SEM = engine controls with Shift Energy Management.

So basically the engine has a torque limiting system because of the transmission. If it has a 3000 series transmission the rating is 450hp / 1250lbft and no CVW/GCW limit. That is why other units show more torque with the same HP. For instance my 350hp engine has 1150lbft of torque with a 3000 series trans.
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Old 06-17-2016, 01:48 PM   #27
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FYI, The Forza has a 2100 or 2500 series Allison transmission. If so it is a normal practice to display the 340hp / 700lbft rating. If you look at that transmission spec it states:



2100 MH Wide Ratio 340hp (max), 700lbft (max), 26,000lb (max GVW), 30,000 (max GCW)

2500 MH Wide Ratio 340hp (max), 700lbft (max), 33,000lb (max GVW/GCW)




The notes are:

SEM and torque limiting are required to obtain this rating.

SEM = engine controls with Shift Energy Management.



So basically the engine has a torque limiting system because of the transmission. If it has a 3000 series transmission the rating is 450hp / 1250lbft and no CVW/GCW limit. That is why other units show more torque with the same HP. For instance my 350hp engine has 1150lbft of torque with a 3000 series trans.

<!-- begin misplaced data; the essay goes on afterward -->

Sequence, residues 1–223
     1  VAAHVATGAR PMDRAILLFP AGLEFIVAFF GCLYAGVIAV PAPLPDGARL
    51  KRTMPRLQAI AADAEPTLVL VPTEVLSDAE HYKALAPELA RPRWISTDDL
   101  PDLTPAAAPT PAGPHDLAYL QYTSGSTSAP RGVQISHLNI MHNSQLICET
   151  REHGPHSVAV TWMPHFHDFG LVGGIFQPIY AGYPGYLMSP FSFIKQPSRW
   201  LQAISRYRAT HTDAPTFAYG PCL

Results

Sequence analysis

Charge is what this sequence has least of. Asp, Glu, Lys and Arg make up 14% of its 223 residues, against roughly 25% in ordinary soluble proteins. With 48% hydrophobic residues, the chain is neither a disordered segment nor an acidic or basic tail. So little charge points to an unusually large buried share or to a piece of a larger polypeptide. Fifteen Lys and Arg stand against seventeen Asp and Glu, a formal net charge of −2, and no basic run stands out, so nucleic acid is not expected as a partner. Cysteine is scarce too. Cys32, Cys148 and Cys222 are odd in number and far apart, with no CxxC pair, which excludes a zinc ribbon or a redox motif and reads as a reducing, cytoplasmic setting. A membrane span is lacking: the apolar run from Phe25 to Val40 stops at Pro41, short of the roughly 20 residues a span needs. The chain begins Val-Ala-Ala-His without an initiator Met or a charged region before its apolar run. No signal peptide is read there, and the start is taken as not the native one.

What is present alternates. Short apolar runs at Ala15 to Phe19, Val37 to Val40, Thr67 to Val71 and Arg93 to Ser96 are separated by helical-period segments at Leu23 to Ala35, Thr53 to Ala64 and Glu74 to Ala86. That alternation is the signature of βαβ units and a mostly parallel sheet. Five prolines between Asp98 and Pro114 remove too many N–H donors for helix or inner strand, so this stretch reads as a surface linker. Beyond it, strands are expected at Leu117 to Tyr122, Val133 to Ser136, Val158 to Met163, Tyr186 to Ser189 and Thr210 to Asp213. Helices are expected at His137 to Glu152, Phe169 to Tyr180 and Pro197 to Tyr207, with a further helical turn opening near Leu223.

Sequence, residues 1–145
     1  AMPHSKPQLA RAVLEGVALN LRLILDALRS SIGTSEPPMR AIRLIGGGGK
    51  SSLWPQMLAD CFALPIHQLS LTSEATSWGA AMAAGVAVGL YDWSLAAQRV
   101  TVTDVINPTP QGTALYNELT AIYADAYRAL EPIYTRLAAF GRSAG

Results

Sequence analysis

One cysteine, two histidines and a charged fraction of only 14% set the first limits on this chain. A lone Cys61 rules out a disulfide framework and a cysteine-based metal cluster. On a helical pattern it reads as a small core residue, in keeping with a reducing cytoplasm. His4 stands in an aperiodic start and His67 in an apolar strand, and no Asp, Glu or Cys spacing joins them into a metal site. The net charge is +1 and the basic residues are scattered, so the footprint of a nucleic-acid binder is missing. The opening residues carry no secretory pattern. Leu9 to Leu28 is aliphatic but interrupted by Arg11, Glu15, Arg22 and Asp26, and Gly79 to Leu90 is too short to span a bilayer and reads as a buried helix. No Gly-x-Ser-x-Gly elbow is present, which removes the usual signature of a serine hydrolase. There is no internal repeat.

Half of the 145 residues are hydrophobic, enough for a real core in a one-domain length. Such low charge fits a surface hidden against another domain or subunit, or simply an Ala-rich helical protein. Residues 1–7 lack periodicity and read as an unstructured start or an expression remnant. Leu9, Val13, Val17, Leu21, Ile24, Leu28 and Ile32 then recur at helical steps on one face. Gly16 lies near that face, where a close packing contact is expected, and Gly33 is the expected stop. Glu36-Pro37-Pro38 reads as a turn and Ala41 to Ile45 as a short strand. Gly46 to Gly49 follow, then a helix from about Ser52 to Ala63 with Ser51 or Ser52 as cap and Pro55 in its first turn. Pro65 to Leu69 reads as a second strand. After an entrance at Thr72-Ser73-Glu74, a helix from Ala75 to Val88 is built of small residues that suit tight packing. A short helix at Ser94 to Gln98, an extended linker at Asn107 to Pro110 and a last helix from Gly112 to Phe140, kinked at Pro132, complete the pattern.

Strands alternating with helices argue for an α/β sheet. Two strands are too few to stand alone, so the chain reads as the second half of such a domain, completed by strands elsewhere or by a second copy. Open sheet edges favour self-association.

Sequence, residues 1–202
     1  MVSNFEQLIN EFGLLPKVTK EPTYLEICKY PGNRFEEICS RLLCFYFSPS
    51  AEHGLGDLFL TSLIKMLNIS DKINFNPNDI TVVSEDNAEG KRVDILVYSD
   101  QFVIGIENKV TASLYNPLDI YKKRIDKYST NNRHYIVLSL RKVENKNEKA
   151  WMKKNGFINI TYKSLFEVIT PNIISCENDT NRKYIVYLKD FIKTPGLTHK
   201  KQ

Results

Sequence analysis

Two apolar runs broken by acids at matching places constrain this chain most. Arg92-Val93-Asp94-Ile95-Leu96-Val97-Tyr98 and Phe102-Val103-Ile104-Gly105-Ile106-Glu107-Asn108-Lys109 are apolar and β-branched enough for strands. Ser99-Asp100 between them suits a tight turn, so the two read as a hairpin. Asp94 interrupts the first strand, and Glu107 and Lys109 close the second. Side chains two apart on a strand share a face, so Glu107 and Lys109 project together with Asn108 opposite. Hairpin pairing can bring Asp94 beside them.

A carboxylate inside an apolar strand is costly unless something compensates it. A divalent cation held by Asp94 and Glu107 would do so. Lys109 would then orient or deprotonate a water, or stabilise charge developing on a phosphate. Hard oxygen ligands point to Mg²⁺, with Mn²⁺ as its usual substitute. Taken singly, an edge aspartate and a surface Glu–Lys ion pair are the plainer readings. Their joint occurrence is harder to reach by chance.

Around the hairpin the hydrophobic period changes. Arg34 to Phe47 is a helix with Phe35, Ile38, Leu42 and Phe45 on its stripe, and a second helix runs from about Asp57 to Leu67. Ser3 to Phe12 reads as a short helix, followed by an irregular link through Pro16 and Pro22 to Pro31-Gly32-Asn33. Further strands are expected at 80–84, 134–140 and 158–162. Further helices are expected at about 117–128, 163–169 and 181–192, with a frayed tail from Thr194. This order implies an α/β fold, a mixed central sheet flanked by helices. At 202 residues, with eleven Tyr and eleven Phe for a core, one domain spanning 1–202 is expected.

I agree completely that the Cummins ECM sets the torque/hp max in many cases and maybe even in the case that the OP is considering. I'm guessing however, the the engine in question for the OP is a Cummins ISB. The ISB can't be "turned up" by the ECM to produce 450 Hp or 1250 ft/lbs of torque. Your 350 hp engine is most likely a Cummins ISC. The 450/1250 you reference is a 2010 or later Cummins ISL. I doubt you will find a Allison 2100-2500 transmission mated to any Cummins bigger than the ISB.
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Old 06-17-2016, 01:54 PM   #28
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The idea of the Diesel Engine is not to go fast but to get the weight efficiently down the road and up the hills...